My absolute favourite character to be introduced so far has to be Ijuuin. To go back to the Monthly Girls’ Nozaki-kun comparison, imagine Mikoshiba with all of the self confidence of Maeno. You’re looking at Ijuuin! He is the world’s flashiest, over the top, self obsessed little guy, and I love him dearly. A friend of Tada’s, Ijuuin is a playboy who’s obsessed with his own reflection: he doesn’t even mind having a black eye so long as someone tells him that it actually just makes him look like a cute panda and therefore the ladies will totally love him. Well, one lady will always love Ijuuin, and that lady is me.

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On top of everything else, Tada Never Falls In Love shows a great understanding of what makes a successful comedy. Obviously that’s a very subjective thing, but in my experience pretty much all of the jokes worked really well for me. My absolute favourite recurring joke was the inclusion of clips from Rainbow Shogun, the historical action drama about social reform. The titular shogun dispatches his enemies with great one liners like “The colour of rainbow is rainbow! Meet your maker!” and looks out for damsels in distress. He is an upstanding man who urges us to always make our hearts rainbow, and you know what, I will carry that advice with me from this day on. I would definitely watch a series of shorts based on Rainbow Shogun, so I hope that they continue to include him as the series continues. I can see why Teresa was so inspired.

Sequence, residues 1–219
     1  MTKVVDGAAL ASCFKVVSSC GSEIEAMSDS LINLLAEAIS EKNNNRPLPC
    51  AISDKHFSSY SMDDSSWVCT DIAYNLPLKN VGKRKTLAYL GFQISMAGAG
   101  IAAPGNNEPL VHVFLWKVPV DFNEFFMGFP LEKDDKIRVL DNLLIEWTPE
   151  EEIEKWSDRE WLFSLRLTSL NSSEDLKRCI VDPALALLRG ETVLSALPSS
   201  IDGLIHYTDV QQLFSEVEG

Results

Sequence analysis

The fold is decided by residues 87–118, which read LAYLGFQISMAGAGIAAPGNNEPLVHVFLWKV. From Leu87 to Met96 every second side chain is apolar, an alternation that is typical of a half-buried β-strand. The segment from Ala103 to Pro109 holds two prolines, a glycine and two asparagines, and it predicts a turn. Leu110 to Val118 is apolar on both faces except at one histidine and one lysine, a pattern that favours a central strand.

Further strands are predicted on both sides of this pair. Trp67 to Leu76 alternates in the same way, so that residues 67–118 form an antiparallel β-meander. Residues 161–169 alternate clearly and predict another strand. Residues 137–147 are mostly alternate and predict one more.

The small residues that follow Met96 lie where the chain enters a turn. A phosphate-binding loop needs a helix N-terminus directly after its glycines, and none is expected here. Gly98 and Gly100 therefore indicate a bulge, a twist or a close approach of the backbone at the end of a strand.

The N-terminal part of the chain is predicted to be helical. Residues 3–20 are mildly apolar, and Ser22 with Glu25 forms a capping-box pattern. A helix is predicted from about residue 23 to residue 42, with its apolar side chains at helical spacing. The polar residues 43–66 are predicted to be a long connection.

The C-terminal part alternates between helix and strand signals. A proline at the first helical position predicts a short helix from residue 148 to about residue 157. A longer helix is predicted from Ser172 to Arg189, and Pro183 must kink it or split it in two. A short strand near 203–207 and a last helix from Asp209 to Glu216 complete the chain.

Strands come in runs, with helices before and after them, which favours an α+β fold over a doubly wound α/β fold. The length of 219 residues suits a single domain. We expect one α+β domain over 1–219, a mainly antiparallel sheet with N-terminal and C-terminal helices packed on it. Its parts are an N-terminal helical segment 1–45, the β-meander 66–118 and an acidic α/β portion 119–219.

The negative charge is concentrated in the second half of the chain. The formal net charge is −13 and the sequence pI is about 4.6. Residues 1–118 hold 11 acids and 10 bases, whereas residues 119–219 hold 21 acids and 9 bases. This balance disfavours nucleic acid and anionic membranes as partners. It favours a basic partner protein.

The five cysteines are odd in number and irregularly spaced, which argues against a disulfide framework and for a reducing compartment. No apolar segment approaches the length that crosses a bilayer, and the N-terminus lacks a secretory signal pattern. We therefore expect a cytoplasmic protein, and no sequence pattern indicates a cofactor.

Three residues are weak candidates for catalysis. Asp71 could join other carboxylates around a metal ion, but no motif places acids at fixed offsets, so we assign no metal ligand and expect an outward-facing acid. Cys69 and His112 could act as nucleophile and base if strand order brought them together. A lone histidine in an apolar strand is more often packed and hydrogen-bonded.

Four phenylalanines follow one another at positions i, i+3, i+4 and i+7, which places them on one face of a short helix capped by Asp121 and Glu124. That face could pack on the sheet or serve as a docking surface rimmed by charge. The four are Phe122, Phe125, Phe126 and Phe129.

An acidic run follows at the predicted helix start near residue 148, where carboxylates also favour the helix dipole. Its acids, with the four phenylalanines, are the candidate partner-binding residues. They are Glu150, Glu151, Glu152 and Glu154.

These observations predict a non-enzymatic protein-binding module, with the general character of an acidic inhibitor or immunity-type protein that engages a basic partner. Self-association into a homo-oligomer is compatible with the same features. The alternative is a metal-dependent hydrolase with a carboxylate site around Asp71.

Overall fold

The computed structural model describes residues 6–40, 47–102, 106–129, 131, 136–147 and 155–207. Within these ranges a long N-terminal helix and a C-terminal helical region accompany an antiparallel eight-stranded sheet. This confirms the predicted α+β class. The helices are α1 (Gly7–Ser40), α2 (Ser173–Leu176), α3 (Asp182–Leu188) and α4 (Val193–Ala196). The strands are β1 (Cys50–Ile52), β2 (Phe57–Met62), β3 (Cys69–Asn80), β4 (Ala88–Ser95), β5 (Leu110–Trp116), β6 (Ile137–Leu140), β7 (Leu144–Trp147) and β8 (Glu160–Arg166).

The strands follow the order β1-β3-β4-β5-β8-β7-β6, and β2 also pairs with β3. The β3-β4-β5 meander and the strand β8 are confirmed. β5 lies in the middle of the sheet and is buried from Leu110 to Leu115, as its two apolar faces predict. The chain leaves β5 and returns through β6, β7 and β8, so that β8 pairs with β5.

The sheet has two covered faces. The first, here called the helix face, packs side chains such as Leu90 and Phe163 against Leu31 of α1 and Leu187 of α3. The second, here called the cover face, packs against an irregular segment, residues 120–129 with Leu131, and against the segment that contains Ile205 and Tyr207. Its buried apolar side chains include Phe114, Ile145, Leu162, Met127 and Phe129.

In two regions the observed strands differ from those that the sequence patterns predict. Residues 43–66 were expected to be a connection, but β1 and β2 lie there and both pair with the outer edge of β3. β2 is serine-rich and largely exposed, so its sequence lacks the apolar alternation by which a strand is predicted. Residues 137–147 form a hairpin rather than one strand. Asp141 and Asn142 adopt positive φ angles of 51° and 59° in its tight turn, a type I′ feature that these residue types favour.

You can never tell what you’re going to get with an original anime, but that’s part of the fun, and I think that Tada Never Falls In Love is well worth giving a chance. This was actually one of my favourite premieres of the season so far. If you liked Monthly Girl’s Nozaki-kun or you’re a fan of romantic comedies then I don’t think you can go wrong by giving this at least half an hour of your time.

Highlights:

  • Every scene that includes a reference to Rainbow Shogun
  • Every scene that included a cat, especially Big Nyanko and his cool blog
  • Ijuuin’s incredible entrance scene

Lowlights:

  • Those who find manic pixie dream girls particularly grating may find Teresa hard to stomach

 

One thought on “Spring 2018 First Impressions: Tada Never Falls In Love – The Colour of Rainbow is Rainbow

  1. The cat and his blog were pretty funny and I was enjoying this until the end of the episode. I’ll give it another episode as I did enjoy the characters but the plot is going to need something more than what it has given us so far to keep me watching.

    Like